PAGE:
By Becky Santoro, Watershed Children's Pastor

On Sunday I shared my stories of a childhood place I call my Green Pastures (named after Psalm 23). My Green Pastures was a place where I was so intricately connected to my soul and to God’s presence. I talked freely to Him and danced with Him in the wind. It was my magical place. My secret place. My safe place. Until one day…

I lost my child-like eyes.

If you weren’t in the audience, it may be helpful to stop reading and listen HERE for some context before your continue on. 

My hope is that, as a community, our lives can be an attempt to regain child-like eyes in a messy, broken world. To turn cul-de-sacs into places of worship and to physically be the Green Pastures in the injustice you see around you.

Some days are harder to see Green Pastures than others, but it’s the best place I have known where to be planted. Come with me. Spend your days catching glimpses of the softness of His spirit within your everyday moments and be reminded that God can meet you anywhere.

Even in the getting older. 

Even in the pain. 

Even in the anger. 

Even in the injustice.

Even in the mundane. 

Even in the transition. 

Even in the brokenness. 

Even in the deep grief.

These things can swallow you up and disillusion you, can’t they? They can make you turn everything into a cul-de-sac or they can ground you and root you into real living… where you notice the Green Pastures in the simple things around you and you find chances to be a part of creating the Green Pastures for others. It can make you rise up from the ashes and be a part of heaven on earth. The here and not yet.

What I’ve come to realize is when I stand on my broken Green Pastures filled with grief or when I embody Green Pastures for others, it allows me to carry someone’s grief-stricken heart inside my own.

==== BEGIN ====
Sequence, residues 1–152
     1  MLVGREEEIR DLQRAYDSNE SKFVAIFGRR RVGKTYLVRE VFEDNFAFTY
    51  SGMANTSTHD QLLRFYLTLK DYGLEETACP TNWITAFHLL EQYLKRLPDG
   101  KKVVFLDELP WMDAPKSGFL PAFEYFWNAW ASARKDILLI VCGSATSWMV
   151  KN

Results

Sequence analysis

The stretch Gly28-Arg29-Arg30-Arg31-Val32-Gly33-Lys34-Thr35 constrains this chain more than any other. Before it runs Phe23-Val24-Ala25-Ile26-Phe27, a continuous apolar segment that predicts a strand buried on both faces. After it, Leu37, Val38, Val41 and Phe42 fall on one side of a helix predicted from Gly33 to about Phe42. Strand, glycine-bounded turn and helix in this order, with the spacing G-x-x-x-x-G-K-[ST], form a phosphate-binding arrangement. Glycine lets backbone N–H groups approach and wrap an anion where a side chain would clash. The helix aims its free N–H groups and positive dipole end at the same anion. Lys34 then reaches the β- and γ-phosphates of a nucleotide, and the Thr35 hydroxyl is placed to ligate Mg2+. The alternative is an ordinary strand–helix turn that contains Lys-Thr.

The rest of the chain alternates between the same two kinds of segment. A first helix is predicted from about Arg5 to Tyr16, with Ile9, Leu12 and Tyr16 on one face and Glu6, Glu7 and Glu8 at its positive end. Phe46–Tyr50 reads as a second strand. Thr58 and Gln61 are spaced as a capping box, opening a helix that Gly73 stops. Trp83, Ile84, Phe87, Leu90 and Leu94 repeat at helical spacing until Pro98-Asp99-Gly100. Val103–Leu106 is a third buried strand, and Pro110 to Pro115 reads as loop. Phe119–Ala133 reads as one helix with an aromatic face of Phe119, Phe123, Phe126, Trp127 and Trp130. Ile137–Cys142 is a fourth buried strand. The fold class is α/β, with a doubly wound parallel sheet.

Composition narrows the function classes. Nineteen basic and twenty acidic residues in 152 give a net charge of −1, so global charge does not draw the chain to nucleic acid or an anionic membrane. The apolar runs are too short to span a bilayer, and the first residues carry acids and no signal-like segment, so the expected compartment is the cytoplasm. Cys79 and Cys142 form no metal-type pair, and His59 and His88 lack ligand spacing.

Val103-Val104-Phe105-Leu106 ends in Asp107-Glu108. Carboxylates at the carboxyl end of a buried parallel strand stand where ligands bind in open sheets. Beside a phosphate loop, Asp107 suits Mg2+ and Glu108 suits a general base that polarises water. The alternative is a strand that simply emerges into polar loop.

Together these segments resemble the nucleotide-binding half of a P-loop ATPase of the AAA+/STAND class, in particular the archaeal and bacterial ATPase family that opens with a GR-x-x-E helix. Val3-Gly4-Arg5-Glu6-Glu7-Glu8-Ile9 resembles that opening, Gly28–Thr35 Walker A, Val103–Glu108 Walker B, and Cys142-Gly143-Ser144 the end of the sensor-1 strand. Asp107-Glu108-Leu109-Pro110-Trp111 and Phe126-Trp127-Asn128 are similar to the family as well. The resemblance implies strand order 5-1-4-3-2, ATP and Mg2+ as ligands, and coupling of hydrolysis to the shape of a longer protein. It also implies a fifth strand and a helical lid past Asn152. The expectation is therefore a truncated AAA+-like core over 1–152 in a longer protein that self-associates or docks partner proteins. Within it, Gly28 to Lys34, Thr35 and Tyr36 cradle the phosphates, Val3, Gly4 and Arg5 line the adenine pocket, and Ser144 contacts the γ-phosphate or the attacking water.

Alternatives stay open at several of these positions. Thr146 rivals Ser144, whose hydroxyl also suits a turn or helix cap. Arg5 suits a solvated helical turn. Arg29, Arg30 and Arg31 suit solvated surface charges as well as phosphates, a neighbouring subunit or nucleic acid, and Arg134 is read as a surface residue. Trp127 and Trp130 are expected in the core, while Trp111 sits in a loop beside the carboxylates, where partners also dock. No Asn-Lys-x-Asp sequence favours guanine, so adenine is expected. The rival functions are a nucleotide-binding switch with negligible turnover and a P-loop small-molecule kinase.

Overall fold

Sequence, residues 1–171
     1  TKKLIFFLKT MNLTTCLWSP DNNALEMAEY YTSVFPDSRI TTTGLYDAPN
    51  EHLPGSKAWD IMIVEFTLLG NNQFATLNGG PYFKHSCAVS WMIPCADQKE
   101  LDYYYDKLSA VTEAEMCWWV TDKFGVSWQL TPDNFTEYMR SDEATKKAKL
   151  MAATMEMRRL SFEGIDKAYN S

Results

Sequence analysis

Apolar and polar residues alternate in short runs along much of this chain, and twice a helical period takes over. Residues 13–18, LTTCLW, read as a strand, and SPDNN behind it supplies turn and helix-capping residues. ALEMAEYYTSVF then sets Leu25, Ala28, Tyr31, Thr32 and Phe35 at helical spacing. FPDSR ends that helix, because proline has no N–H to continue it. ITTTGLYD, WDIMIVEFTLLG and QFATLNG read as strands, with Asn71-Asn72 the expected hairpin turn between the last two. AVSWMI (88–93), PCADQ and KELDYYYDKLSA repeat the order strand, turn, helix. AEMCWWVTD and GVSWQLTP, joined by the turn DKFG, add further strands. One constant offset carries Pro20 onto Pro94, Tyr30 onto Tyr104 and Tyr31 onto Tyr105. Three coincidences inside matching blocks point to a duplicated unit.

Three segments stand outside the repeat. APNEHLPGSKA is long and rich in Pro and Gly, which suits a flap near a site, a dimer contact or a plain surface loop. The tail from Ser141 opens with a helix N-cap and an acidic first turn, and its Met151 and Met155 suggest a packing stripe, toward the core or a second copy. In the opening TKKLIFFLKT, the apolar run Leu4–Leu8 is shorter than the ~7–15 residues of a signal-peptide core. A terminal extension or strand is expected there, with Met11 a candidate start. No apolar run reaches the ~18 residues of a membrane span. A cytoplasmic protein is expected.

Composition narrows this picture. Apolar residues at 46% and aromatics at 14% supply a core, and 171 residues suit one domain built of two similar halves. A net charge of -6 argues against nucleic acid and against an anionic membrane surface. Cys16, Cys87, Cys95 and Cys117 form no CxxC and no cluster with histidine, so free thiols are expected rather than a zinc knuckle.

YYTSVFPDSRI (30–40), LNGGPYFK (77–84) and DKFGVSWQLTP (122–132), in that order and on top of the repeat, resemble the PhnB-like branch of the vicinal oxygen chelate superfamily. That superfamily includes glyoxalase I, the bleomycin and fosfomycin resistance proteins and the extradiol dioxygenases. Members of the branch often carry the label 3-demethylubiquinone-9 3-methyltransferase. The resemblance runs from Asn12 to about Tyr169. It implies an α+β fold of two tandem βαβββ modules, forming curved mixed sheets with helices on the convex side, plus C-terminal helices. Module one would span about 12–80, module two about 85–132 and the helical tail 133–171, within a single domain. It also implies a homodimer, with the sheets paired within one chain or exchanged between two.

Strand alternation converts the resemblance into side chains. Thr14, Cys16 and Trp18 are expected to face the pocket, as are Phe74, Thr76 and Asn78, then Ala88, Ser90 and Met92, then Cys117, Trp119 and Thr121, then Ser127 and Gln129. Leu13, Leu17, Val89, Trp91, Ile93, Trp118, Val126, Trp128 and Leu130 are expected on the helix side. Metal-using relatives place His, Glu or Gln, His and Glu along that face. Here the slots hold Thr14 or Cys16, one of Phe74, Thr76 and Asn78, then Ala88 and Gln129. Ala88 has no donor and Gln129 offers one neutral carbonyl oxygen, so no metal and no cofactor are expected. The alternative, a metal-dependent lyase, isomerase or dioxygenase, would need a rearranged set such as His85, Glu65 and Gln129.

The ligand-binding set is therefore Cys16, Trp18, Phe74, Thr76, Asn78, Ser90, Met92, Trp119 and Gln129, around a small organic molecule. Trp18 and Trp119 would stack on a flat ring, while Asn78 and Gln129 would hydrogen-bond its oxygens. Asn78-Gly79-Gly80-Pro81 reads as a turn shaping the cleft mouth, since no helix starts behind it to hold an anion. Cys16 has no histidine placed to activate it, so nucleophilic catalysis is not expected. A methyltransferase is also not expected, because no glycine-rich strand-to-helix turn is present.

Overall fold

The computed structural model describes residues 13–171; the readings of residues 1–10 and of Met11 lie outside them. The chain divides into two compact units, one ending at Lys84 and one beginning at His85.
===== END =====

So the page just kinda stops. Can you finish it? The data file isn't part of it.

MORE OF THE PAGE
When I don’t rush past the pain, I am able to be a guide because I’ve honored and walked on that Green Pastures before.

 I chose to sit down.

 That allows my heart to break all over again.

And I’ll do this again and again as many times as I can…as long as I have this breath.

This is real living.

Find your real and metaphorical Green Pastures. Embody it for others. And sit down in your broken ones. Grief is holy ground. Your Shepherd is safe.

Your stories will become the most sacred place and holy ground for others along the way if you bring them to the light. It is the fertile soil of a Green Pastures.

And above all, I hope you know deep in your soul…

You are not forgotten. 


 PS - What I didn’t know is that the exact DAY I sat down and wrote the first draft of my talk… my mom had written about my Green Pastures 25 years earlier in her journal. May 17th. She sent me pictures of the diary recently and I almost fell out of my chair. Reading her words now as a mom myself and after just putting pen to paper to these memories is beautiful and priceless to me.

May 17th, 1991

Dear Becky,

Last night you took me to the “Green Pastures”…this silly cul-de-sac in our neighborhood. At this time of your life, you are showing me that you share my intensity for life and for the Lord. A part of me wishes you won’t have to experience the intense pain that you will ultimately have to feel. But, I know that you’ll feel the joy in your life just as intensely and I believe that its God’s way of making it up to us. I pray you will always have such a fierce devotion for God… You talk to God about everything. Thank you for that.

So, I’m not surprised that you find “Green Pastures.” You need them as much as I do. A place of rest and peace- a time of reflection on God and His beauty, a “hiding place.” It’s so comforting there, you’ll bring others. Some of these others will love it as you do- most will fail to see its merit. It’ll break your heart that they’re missing out- that they can’t see the value. But, oh little one, allow no one to steal your vision! Hold onto your Green Pastures! Experience it to its fullest. Eat and lay down satisfied as the Psalms say. I’ll go with you. I understand. Thank God, there’s you. I love you, Mom.